At least, I don’t think oysters have assholes. I checked the oysters I ate last night for assholes; actually I checked them for anatomy in general. Without being stoned at all and I only had two stouts at this point (which is nowhere near enough to get me drunk), I was just sort of amazed that what I was eating was a whole animal. Like, you just crack it open and there it is. An entire organism, dressed up with some lemon and maybe some horseradish and down it goes. It was its own little miracle that I ate raw oysters at all, considering my traumatic childhood experience with them.
I was four. My dad was a wholesale produce man, meaning that he supplied produce to restaurants and markets. He’d also come up in restaurants, so occasionally, the dudes who worked in them would sell him stuff at a discount that they weren’t going to sell for the regular price to customers. And these were fine dining establishments, so he brought home lobster, clams, and, as I’ll illustrate, oysters, which are fine on their own and in adulthood, but aren’t really the type of things a child would enjoy.
I should also point out that my childhood came before the time when parents would acquiesce to their children’s request for different foods. It blows my mind that kids are allowed to request things for dinner now, and it’s not unusual for parents to cook two separate meals: one normal and probably at least a little nutritious, and the other consisting of nuggets of mechanically-processed chicken parts. This was not the kind of world 4-year-old me was living in, which meant that anything my parents ate, I was expected to eat.
It had to have been after dinner one night, because I remember it was dark out and the only light on in the kitchen was the dim yellowish bulb over the sink. My dad was sitting at the table eating these weird things with what I thought was ketchup (in hindsight, it was probably cocktail sauce). I asked him what he was eating.
“Oysters,” he said. “Want one?”
The only foods I didn’t like at age four were cabbage (smelled like farts) and tomatoes (still can’t eat them), and I had yet to come across anything with a texture as challenging as that of an oyster. I couldn’t imagine that anything would be like that, and all I was thinking was that my dad was eating them and the shells were pretty. My dad placed an oyster at my mouth, the shell just resting on my bottom lip. It smelled like grass and saltwater.
“I’m going to tip this into your mouth. Chew twice and then swallow it, okay?”
I nodded. The oyster tipped. I chewed twice and remembered about swallowing, but the texture was the most alien, phlegm-y thing I’d ever experienced, and here’s where I got confused. The oyster was stuck between my throat and my mouth. I wasn’t choking, I was keeping it there on purpose. See, the slippery, slimy texture was so strange and awful that I couldn’t bring myself to allow this thing to fully enter my body. On the other hand, I didn’t want it back in my mouth again, because that would mean repeating the experience. So I just kept it there, horrified, while my dad laughed and told me to spit it out, then. Which is also what my mother says she told me the first time I was old enough to consciously vomit, because apparently I have issues with spitting out really disgusting things.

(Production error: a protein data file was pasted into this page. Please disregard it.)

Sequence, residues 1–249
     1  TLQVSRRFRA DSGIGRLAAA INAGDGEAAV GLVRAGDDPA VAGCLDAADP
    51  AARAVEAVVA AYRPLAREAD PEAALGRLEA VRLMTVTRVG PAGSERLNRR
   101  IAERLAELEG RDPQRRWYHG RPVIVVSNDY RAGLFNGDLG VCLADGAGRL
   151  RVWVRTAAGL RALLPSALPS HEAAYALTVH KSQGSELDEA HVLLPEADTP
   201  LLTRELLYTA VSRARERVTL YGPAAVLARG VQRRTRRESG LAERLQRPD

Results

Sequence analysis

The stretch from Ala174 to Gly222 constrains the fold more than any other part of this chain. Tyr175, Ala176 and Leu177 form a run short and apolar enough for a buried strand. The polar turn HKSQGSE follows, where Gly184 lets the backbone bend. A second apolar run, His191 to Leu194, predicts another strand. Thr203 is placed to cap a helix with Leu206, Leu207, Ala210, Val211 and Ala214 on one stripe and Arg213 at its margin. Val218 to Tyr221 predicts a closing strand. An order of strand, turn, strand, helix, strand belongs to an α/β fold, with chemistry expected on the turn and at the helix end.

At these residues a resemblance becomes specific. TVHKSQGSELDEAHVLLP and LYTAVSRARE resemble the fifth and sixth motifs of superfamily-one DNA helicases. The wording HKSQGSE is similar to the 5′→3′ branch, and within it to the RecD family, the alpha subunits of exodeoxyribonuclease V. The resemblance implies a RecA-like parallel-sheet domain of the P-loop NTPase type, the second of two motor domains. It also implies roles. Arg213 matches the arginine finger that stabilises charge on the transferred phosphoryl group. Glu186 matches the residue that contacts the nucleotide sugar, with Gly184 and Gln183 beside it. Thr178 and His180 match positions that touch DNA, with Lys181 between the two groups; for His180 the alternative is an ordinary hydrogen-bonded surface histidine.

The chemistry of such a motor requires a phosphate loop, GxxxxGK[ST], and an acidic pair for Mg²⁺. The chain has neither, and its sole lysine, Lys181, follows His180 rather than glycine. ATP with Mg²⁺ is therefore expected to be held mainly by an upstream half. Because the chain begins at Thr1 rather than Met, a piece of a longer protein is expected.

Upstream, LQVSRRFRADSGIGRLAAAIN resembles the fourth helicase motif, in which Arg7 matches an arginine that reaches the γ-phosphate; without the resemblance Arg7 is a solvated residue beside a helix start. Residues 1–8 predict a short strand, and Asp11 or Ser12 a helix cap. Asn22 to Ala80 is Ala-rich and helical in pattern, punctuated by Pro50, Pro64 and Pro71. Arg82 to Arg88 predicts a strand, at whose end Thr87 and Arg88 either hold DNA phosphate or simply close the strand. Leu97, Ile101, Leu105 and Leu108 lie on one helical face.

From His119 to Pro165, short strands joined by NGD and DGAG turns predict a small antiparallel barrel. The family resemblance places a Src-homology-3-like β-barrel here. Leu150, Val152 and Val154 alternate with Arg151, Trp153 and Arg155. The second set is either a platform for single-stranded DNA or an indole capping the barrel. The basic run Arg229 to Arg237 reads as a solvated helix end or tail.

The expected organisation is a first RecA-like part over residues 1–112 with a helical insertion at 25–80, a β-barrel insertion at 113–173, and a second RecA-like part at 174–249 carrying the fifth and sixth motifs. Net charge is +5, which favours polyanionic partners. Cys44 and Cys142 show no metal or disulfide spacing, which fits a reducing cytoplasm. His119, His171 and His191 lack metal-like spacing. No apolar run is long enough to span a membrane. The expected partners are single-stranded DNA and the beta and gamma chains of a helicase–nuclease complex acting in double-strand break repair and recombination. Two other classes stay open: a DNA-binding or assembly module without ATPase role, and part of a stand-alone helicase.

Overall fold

So YEAH, trauma. But now I’m a grownup and I like all sorts of things I didn’t like when I was a kid. I still don’t eat actual heads of cabbage, but I made myself brussels sprouts for dinner the other night and that’s practically the same thing. When Stephanie told me to accompany her to the Schlafly Stout and Oyster Festival, I figured that I’d try a raw oyster, and if I didn’t like it, I could at least drink stout (which I love without question). I ate six. Including the giant Connecticut Bluepoint held out to me by a shucker, who beamed and asked, “What does that look like to you?”
“That looks like a sex organ,” I said.
“It could be yours.”
I took it and ate it. It was okay. Actually, my favorites were the Gold Creek oysters from the West Coast, which tasted like the ocean smells. I should know, I used to live there. All in all, it was more interesting than horrifying, although I still won’t get a dozen oysters for dinner just for the hell of it.
I started thinking about oysters and their assholes because in addition to the half dozen raw I got, I also bought half a dozen fried. Since the fried oysters didn’t have the must-keep-in-mouth-at-all-times quality that the raw ones did, I bit into one and then looked at it. I should not have looked at it.
It was black in there. In the very center, I mean. Outside was the breading, and then this creamy white oyster flesh, and in the middle it was black. I guess it was the edges of the oysters folded into themselves, but whatever happened there, it gave me pause. Like the vein of a shrimp, but bigger. And I know the vein of a shrimp is blood (at least I assume so, since it’s called a vein), but I still kind of think of it as poop. Because, I mean, obviously. You don’t get raised on poop and fart jokes and not assume that most things are related. So even though I like most fried things, I started thinking about oyster poop and I felt fuller than I probably was.
But like I said, there was stout, so I drank some. Only three, which is pretty impressive when you consider my love for Schlafly Coffee Stout. I was practicing moderation because today I’m going to Crown Valley’s Homebrew Competition with Brennan, who, along with that blind bastard Phillips, is entering an Imperial Russian Stout called Kovack Square. Soon to be renamed as Tretiak’s Revenge.
I still haven’t heard back from the New Mexico Gaming and Alcohol Division, though. Either they’re thinking of a really excellent answer or putting me on some Communist watchlist.